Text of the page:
Thursday , 29 October 2020

ASUS Strix GTX 950 DC2OC, Strix Goes Mainstream!

Gaming Benchmarks

Bioshock Infinite

Set in 1912, the game has protagonist, former Pinkerton agent Booker DeWitt, sent to the floating air city of Columbia to find a young woman, Elizabeth, who has been held captive there for most of her life. Though Booker rescues Elizabeth, the two become involved with the city’s warring factions: the nativist and elite Founders that rule Columbia and strive to keep its privileges for White Americans, and the Vox Populi, underground rebels representing the underclass of the city. During this conflict, Booker learns that Elizabeth possesses strange powers to manipulate “Tears” in the space-time continuum that ravage Columbia, and soon discovers her to be central to the city’s dark secrets.




The ASUS Strix GTX 950 DC2OC ran about 8 – 9 FPS slower than the GIGABYTE GTX 960 and running inline with the EVGA GTX 950 FTW so we suspect these will be pretty popular.

BioShock Infinite Settings

1920 x 1080
  • DirectX 11
  • Ultra Quality
  • DODD Enabled
  • FXAA Enabled


Grand Theft Auto V for PC offers players the option to explore the award-winning world of Los Santos and Blaine County in resolutions of up to 4k and beyond, as well as the chance to experience the game running at 60 frames per second. The game offers players a huge range of PC-specific customization options, including over 25 separate configurable settings for texture quality, shaders, tessellation, anti-aliasing and more, as well as support and extensive customization for mouse and keyboard controls. Additional options include a population density slider to control car and pedestrian traffic, as well as dual and triple monitor support, 3D compatibility, and plug-and-play controller support.



We are just starting to use GTA 5 and the ASUS Strix GTX 950 DC2OC gave us 43 FPS will all settings to as high as they would go except Grass. We didn’t crank up Grass because as a visual enhancement well it’s just grass.


1920 x 1080
  • Ignore Suggested Limits ON
  • DirectX Version 11
  • Resolution 1920 x 1080
  • VSync ON
  • Sterio 3D ON
  • Pause Game On Focus Loss ON
  • Population Density High
  • Population Variety High
  • Distance Scaling High
  • Texture Quality Very High
  • Shader Quality Very High
  • Shadow Quality Very High
  • Reflection Quality Ultra
  • Reflection MSAA OFF
  • Water Quality Very High
  • Particles Quality High
  • Grass Quality High
  • Post FX Ultra
  • In-Game Depth Of Field ON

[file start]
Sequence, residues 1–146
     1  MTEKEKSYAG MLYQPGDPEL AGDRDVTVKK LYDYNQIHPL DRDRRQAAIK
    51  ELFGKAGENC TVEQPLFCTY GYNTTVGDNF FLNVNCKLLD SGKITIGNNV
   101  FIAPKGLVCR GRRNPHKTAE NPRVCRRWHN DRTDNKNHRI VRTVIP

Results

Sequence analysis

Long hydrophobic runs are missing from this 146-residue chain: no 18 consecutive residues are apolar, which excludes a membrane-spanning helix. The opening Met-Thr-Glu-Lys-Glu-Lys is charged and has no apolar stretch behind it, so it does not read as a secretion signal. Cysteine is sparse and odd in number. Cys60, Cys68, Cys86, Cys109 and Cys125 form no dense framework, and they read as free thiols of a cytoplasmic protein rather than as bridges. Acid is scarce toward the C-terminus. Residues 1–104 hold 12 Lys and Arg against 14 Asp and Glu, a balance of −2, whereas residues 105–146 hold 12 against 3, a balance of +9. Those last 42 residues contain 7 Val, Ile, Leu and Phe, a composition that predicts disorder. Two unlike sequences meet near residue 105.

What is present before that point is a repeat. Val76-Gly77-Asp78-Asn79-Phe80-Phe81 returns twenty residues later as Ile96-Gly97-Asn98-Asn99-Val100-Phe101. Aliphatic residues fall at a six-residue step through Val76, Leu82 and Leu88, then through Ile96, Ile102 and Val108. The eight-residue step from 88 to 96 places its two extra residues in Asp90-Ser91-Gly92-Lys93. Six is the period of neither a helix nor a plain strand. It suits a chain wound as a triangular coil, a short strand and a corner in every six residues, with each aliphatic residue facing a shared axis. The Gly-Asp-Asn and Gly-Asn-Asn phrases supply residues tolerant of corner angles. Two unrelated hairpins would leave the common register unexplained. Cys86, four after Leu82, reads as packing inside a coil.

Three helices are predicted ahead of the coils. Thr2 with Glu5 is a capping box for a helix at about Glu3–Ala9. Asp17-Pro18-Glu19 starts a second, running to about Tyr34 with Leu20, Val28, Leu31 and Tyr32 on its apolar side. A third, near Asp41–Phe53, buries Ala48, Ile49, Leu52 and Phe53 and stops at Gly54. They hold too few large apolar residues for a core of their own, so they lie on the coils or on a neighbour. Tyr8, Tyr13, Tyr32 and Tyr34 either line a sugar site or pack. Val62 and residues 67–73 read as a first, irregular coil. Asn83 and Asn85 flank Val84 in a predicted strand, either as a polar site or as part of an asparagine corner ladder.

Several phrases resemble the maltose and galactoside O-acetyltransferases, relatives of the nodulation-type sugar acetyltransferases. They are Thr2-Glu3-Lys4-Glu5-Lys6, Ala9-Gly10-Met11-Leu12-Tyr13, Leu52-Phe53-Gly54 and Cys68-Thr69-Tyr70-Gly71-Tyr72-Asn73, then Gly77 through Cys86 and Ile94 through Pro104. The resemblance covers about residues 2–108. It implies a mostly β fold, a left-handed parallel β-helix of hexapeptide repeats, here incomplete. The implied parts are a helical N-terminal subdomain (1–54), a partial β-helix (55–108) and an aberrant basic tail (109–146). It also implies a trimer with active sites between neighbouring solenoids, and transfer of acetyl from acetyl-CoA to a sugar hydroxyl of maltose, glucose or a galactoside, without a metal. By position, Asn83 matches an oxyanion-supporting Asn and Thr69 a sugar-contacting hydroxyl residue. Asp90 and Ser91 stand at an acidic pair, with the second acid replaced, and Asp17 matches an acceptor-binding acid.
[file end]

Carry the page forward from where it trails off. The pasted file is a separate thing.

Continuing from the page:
• Anisotropic Filtering X8
  • Ambient Occlusion High
  • Tesselation Very High
  • Long SHadows OFF
  • High Resolution SHadows OFF
  • High Detail Streaming While Flying ON

Shadow of Mordor

Fight through Mordor and uncover the truth of the spirit that compels you, discover the origins of the Rings of Power, build your legend and ultimately confront the evil of Sauron in this new chronicle of Middle-earth. You may remember some controversy over the recommended system spec for this one being a little crazy. For our benchmarks we turned Order Independent Transparency off as it requires more VRAM than we feel is worth the graphical effect when considering our 2GB available on the GTX 950 and mainstream video cards.



At 1920 x 1080 the ASUS Strix GTX 950 DC2OC gave us 63 FPS on the very high preset so we decided to go for the gusto and run Shadows of Mordor on the Ultra Preset.



On Ultra the ASUS Strix GTX 950 DC2OC gave us an eye-popping 46 FPS and the game play was smooth and easy. If we may say so the gaming graphics were visually stunning and the ASUS Strix GTX 950 DC2OC handled ever bit of it without micro-stutters or loading pauses.

Shadow of Mordor Settings

Very High Preset 1080p   Ultra Preset 1080p
  • Order Independent Transparency – Off
  • Order Independent Transparency – Off


Check Also

Undervolting the RTX 3080 and the RTX3090

What if you could find a way to lower both the temperature and the power consumption of your new GPU while still getting almost the same performance? Well, there is. It is called undervolting. Since the RTX 3080 and RTX 3090 came out there has been a lot of talk about undervolting them to get better thermals while still getting kick-ass performance and of course I decided I wanted to try it out myself. In the following pages you can both read on how to do it yourself but also get an idea how it will affect both the performance but also the thermals (and noise level).

Gigabyte RTX 3090 Eagle OC

Gigabyte RTX 3090 Eagle OC 24GB

At the same time Nvidia released the excellent RTX 3080 they also released the RTX 3090, a successor to both the RTX 2080 Ti and the Titan RTX. While the RTX 3080 comes with 16 GB VRAM, Nvidia has put a whopping 24 GB VRAM on the RTX 3090. In addition the RTX 3090 comes with 10496 CUDA cores (up from 8704 for the RTX 3080), 82 Streaming Multiprocessors, a wider memory interface and almost 1 TB/s in memory bandwith. Today I am looking at the Gigabyte RTX 3090 Eagle OC 24 GB. As the name implies it comes with a (minor) overclock. How much faster is it than the Gigabyte RTX 3080 Eagle OC? Is it worth the extra money? Read on to to get the answers on these and many other questions.


  1. Nice review! any chance you do another with 2x 950’s on SLI and how they perform compared with a single 970 or even 980?

    keep the good work!

    • No Matter what you do when running the GTX 950 in SLI the array of Video Cards wil still be limited to 2GB of memory on the first card so they aren’t going to compare well to a card with 4GB of memory video card. I did run SLI with a couple of 950’s and two scored 12k on 3DMark Skydiver if that’s any help. Jump the resolution up to 1440p and the SLI arrangement just won’t handle it being limited to 2 GB of memory.

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